Depression in pregnancy is common; one large meta-analysis has reported the range of antenatal depression to be between 6.5 and 12.9%. 1 However, depression in pregnancy is underdeteced and undertreated. 2 ; 3 A growing body of research demonstrates that some of the consequences of untreated depression in pregnancy may include poor prenatal care and self care, medical and obstetrical complications, substance abuse, and an increased risk of relapse of depression in the postpartum period. 4 5 6 7

The Unites States Preventative Services Task Force has recommended screening for depression only if there is a comprehensive system of diagnosis and treatment available to track positive screening results. 8 Two screening tools are used to detect depression in pregnant women, the most common is the Edinburgh Postnatal Depression Scale (EPDS). . The EPDS has been validated for use in pregnant populations as well as thoroughly researched in postpartum populations. 9 Only more recently has another screening tool, the Patient Health Questionnaire 9 (PHQ-9) been used to screen for depression in pregnancy. Unlike the EPDS, the PHQ-9 includes questions on alterations in sleep, appetite/weight, energy, and concentration, all symptoms that overlap with normative experiences of pregnancy and thus have the potential to impede an accurate assessment of a woman’s mood. Although recent research has examined the PHQ-9 and the related two question PHQ-2 among postpartum women, 10; 11; 12, there is limited evidence about their performance in pregnant populations.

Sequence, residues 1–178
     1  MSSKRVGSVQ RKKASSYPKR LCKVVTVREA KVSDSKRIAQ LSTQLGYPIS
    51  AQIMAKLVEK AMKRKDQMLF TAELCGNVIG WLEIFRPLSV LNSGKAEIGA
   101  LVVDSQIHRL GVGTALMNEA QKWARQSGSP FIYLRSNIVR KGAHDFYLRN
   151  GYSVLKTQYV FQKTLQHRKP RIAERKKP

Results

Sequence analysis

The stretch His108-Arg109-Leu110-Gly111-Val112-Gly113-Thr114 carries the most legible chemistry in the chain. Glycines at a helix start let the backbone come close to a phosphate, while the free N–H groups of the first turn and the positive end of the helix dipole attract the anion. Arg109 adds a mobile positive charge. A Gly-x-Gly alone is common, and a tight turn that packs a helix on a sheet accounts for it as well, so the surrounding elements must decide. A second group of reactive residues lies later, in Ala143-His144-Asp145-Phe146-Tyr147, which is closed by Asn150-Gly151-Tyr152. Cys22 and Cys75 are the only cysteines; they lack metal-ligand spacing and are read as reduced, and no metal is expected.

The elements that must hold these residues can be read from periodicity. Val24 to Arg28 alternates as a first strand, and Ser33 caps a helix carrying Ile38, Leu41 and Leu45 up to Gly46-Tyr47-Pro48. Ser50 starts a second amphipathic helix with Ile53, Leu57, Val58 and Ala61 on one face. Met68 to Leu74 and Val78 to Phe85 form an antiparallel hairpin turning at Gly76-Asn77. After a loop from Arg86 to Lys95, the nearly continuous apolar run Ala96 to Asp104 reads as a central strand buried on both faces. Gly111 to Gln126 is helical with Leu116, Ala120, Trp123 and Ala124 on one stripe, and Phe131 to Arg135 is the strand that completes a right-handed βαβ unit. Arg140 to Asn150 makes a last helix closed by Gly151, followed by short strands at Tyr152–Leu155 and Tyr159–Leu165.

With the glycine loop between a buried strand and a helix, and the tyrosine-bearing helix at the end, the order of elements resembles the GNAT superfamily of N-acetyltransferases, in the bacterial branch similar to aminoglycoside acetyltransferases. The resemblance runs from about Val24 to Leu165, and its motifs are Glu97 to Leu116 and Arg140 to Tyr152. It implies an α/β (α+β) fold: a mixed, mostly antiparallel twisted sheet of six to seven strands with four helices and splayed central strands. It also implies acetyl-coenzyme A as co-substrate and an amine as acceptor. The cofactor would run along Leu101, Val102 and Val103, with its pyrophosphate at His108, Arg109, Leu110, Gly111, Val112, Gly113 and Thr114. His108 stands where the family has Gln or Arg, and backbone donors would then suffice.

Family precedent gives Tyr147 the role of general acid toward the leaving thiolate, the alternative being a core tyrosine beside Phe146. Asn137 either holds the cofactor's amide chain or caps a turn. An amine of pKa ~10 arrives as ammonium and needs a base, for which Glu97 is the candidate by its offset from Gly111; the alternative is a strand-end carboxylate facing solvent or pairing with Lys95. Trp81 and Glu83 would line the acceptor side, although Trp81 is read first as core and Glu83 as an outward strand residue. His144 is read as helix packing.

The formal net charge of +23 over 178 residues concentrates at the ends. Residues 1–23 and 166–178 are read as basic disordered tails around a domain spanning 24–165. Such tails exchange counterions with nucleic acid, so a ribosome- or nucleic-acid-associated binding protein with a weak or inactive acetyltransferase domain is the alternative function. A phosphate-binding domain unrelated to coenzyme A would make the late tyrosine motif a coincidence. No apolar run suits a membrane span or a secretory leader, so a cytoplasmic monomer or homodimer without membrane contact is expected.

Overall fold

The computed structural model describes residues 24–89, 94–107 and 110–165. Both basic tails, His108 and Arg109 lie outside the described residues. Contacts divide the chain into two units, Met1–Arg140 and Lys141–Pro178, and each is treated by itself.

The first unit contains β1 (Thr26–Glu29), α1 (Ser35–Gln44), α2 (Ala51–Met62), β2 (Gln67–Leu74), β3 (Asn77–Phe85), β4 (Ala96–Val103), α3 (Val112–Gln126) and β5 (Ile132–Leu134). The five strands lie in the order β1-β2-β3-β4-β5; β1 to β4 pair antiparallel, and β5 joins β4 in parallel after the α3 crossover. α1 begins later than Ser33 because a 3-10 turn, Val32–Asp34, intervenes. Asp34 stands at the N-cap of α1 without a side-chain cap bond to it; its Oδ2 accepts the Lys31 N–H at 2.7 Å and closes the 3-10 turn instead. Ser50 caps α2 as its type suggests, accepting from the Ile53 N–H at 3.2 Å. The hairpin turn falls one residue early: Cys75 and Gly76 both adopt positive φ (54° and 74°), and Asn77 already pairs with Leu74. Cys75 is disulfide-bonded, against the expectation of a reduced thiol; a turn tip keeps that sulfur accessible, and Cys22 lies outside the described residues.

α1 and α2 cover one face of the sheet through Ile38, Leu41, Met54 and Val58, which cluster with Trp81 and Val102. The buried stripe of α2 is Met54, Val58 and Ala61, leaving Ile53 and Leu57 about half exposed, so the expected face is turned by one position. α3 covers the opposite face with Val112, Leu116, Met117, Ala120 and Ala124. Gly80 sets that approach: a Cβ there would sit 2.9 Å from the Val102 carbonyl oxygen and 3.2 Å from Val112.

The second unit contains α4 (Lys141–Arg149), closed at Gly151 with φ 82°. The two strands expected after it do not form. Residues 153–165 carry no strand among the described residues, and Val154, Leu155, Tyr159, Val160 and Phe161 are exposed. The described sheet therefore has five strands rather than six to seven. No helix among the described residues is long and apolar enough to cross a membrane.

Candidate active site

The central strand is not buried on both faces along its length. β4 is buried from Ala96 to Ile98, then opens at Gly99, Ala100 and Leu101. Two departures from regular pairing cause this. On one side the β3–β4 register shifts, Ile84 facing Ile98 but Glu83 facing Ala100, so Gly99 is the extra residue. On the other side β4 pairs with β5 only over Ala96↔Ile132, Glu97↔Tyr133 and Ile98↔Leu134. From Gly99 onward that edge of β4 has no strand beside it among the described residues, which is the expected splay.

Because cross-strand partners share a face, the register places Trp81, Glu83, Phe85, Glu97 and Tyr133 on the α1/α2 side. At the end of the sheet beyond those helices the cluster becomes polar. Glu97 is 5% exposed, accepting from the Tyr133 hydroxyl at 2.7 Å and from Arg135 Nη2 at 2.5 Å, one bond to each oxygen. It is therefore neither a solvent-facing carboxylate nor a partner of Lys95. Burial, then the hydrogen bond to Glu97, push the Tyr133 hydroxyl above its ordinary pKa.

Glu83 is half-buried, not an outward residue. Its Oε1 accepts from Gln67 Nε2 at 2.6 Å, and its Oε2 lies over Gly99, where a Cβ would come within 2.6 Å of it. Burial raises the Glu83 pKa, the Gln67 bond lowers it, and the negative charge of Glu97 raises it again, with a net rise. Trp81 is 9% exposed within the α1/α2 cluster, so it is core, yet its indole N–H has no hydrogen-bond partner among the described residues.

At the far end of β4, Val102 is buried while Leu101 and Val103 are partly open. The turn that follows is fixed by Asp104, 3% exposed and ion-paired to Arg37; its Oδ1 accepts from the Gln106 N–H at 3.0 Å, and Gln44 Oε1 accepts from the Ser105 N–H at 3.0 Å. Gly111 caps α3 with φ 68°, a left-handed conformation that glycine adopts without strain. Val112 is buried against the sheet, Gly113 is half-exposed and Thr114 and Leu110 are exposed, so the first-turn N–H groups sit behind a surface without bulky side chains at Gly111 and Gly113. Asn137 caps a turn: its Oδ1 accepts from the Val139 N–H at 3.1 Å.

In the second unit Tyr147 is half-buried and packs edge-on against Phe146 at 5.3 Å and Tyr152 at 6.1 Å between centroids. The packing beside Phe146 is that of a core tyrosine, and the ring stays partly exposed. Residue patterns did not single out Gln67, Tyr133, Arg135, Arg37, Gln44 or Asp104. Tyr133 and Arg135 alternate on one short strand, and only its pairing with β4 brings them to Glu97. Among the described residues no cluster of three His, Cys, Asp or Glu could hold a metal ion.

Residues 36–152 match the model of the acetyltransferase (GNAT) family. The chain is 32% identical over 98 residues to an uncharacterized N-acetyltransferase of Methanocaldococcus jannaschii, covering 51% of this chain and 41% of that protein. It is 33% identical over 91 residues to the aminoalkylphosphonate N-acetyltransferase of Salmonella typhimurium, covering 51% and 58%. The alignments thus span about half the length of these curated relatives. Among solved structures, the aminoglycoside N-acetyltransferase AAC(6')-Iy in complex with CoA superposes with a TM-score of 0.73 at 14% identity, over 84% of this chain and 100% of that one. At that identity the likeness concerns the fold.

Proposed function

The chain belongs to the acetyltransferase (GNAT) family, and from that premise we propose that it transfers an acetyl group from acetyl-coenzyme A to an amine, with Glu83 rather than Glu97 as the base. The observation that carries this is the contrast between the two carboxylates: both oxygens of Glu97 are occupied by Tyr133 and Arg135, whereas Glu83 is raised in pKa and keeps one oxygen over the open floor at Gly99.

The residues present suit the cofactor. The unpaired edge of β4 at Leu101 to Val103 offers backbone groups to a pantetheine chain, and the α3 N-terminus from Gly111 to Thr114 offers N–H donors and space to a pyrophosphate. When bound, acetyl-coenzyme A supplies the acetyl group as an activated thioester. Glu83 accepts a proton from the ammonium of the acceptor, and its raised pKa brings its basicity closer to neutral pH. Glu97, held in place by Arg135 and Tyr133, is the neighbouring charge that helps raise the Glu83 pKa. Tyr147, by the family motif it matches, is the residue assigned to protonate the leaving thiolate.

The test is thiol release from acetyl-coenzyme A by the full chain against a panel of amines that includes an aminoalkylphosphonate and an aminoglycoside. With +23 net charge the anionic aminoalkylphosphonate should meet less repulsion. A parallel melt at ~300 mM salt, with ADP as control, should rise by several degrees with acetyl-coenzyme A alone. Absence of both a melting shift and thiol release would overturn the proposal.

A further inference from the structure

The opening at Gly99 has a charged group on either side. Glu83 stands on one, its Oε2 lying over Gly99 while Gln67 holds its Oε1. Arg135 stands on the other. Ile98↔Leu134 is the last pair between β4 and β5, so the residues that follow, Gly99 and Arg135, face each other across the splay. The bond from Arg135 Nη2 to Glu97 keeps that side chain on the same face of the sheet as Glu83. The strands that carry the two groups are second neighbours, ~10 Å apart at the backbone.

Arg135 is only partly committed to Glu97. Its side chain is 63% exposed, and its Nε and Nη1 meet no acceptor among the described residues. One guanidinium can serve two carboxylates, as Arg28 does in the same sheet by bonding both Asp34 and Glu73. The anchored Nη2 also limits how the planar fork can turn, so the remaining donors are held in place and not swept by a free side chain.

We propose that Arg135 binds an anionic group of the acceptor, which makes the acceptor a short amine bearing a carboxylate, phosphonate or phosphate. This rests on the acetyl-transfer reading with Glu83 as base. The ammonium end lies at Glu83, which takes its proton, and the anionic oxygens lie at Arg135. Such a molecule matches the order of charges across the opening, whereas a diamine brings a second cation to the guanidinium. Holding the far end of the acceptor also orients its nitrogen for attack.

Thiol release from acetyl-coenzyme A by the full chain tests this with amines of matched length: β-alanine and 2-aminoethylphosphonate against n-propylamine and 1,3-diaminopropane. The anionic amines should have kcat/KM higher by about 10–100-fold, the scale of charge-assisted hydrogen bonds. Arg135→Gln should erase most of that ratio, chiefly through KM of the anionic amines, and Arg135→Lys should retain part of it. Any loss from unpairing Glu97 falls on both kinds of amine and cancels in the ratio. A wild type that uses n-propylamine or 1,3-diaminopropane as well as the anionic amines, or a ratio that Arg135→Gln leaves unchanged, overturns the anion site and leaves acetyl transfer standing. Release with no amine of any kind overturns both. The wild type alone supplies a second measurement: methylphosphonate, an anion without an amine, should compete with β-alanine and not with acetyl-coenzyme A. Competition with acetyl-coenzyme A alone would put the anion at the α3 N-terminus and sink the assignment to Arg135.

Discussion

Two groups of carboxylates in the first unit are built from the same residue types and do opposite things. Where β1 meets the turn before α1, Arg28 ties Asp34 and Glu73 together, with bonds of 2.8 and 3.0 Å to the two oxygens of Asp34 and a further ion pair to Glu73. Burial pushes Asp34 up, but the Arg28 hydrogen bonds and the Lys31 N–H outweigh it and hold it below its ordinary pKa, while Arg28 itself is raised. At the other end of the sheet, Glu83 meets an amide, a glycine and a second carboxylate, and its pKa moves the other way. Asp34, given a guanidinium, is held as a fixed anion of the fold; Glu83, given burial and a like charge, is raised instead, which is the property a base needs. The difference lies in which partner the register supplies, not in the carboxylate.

The aim of this study was to assess the psychometric properties of the Patient Health Questionairre-8 (PHQ-8), an 8-item version of the PHQ, and the PHQ-2, a two-item version, to identify depression among a pregnant women attending prenatal care. This was done by comparing the PHQ-8 to a structured diagnostic interview for depressive disorders in a sample of 218 pregnant women. Based upon studies documenting high sensitivity and specificity on the PHQ-8 and PHQ-2 in the general adult population, we hypothesized that both instruments would perform well in this population.